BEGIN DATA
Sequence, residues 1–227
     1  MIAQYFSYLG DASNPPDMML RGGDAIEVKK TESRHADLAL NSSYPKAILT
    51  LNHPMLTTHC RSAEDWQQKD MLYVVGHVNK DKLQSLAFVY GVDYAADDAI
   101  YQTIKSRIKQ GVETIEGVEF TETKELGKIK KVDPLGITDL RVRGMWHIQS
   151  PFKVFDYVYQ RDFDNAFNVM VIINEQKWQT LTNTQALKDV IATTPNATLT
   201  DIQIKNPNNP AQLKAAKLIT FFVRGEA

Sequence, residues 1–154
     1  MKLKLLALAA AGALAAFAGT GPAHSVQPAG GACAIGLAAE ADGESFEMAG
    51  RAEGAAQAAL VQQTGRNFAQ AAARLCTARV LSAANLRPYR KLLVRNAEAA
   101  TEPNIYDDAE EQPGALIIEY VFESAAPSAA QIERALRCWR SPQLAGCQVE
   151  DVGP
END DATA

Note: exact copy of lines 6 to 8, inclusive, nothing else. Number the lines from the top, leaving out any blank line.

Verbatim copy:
   201  DIQIKNPNNP AQLKAAKLIT FFVRGEA

Sequence, residues 1–154
     1  MKLKLLALAA AGALAAFAGT GPAHSVQPAG GACAIGLAAE ADGESFEMAG